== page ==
I agree, and I guess this is my point — software design is drastically different from other design…
Mike Greening

Putting aside the “software is so different nothing else compares” argument, what you’re talking about here is tool knowledge vs design knowledge. Your ability to think and solve problems like a designer has very little to do with the tools you know how to use. Those core concepts you lay out aren’t tied to a specific tool. You use your own tool knowledge combined with your design knowledge to do design. Why shouldn’t we treat coding as just another tool we combine our design knowledge with to solve problems?

You seem to be arguing that tools that are currently being marketed as “for designers” are easier and more efficient. That could be because you know those tools best. Even if you (and I) know how to use all these tools that are based on the standard desktop-publishing interaction model, we still had to learn those tools. They are not intuitive, if you don’t believe me take someone new and show them Photoshop for the first time, it’s overwhelming. We have design students spend hours and hours in the classroom learning how to use these “design tools,” why should learning HTML/CSS and a little bit of Javascript be any different than learning Photoshop or Illustrator or Sketch from scratch? And as experienced designers, we shouldn’t be letting our tool skills atrophy, that’s the path to unemployment.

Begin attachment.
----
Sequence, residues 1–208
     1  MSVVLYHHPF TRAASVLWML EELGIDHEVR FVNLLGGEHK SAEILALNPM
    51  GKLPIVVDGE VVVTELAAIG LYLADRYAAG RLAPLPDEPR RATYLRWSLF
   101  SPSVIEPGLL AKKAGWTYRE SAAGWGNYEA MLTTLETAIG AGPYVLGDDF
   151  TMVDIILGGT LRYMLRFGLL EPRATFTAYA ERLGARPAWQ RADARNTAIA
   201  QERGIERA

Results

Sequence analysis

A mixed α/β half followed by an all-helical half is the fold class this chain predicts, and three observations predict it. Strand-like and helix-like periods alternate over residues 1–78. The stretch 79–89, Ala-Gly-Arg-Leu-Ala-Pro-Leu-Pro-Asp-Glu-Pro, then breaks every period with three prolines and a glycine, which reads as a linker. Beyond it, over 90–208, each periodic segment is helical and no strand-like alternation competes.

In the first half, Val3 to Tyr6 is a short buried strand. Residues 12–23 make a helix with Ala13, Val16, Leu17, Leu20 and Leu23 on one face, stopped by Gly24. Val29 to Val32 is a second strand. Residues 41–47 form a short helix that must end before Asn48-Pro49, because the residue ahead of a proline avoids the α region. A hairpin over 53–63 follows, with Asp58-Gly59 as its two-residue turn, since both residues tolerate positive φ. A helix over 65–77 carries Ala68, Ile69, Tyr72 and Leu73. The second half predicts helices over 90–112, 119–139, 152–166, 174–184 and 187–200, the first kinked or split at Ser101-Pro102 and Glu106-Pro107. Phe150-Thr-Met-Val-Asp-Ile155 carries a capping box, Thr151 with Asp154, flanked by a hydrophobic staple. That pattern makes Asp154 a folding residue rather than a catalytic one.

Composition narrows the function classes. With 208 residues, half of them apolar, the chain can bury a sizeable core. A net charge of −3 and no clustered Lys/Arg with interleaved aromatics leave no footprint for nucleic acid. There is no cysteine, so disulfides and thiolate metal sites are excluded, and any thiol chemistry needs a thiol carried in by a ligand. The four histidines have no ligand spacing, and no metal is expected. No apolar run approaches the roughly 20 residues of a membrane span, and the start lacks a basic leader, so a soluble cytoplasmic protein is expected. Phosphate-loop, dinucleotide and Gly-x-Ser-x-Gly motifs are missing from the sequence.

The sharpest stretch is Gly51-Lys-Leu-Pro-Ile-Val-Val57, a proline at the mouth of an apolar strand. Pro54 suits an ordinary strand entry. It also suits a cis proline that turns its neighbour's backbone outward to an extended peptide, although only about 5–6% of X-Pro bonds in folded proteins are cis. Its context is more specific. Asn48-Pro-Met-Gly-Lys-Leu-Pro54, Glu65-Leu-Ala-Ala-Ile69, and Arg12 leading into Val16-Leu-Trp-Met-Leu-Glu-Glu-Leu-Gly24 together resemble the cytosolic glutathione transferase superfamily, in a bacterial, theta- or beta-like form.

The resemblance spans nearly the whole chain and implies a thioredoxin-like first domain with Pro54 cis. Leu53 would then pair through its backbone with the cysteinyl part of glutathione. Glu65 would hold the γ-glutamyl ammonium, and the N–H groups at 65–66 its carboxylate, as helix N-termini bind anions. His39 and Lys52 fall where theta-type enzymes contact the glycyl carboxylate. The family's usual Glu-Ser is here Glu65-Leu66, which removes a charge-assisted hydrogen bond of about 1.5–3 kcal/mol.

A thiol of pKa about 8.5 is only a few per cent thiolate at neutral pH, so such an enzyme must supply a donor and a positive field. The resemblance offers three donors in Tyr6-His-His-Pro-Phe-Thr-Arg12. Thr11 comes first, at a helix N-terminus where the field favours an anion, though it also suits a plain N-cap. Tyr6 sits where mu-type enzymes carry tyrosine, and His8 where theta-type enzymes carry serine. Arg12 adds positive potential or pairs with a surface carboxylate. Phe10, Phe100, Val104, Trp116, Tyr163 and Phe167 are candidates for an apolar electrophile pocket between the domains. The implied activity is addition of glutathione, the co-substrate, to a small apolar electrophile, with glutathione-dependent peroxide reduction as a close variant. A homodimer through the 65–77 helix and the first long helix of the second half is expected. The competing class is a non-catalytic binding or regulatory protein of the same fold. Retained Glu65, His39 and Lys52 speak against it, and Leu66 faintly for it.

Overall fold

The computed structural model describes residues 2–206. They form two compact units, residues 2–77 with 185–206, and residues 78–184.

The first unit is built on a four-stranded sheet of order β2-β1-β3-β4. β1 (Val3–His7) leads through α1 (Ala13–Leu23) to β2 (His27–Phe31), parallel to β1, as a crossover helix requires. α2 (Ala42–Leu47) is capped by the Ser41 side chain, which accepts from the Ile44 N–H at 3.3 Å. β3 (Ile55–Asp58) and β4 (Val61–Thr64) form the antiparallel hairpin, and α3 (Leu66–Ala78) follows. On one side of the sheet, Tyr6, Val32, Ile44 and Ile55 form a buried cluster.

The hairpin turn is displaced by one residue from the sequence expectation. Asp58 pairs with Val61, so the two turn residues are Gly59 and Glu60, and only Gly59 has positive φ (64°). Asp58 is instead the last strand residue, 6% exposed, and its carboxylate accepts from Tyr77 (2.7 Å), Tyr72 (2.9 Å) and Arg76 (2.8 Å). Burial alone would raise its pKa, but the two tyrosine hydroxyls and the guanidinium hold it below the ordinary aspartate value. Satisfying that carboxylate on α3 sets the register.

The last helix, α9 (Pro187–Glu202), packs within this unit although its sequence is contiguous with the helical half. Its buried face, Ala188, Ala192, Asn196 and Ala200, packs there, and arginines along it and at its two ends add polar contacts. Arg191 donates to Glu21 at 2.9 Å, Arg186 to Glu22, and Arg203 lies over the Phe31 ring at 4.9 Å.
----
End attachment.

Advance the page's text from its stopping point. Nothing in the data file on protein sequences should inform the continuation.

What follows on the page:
I believe 10000% that designers should be focusing on the core concepts of design you have lay out. That’s what I mean when I say “Code like a designer.” I know from experience there is no reason those core design concepts can’t be focused on while using any number of tools, including computer programming languages. Coding is just a tool, you don’t have to write computer programs the way software engineers do to get value out of them. The idea that you have to master both design and software engineering is false. If the goal of designers picking up programming is to be equivalent to a software engineer, they’re missing the point.

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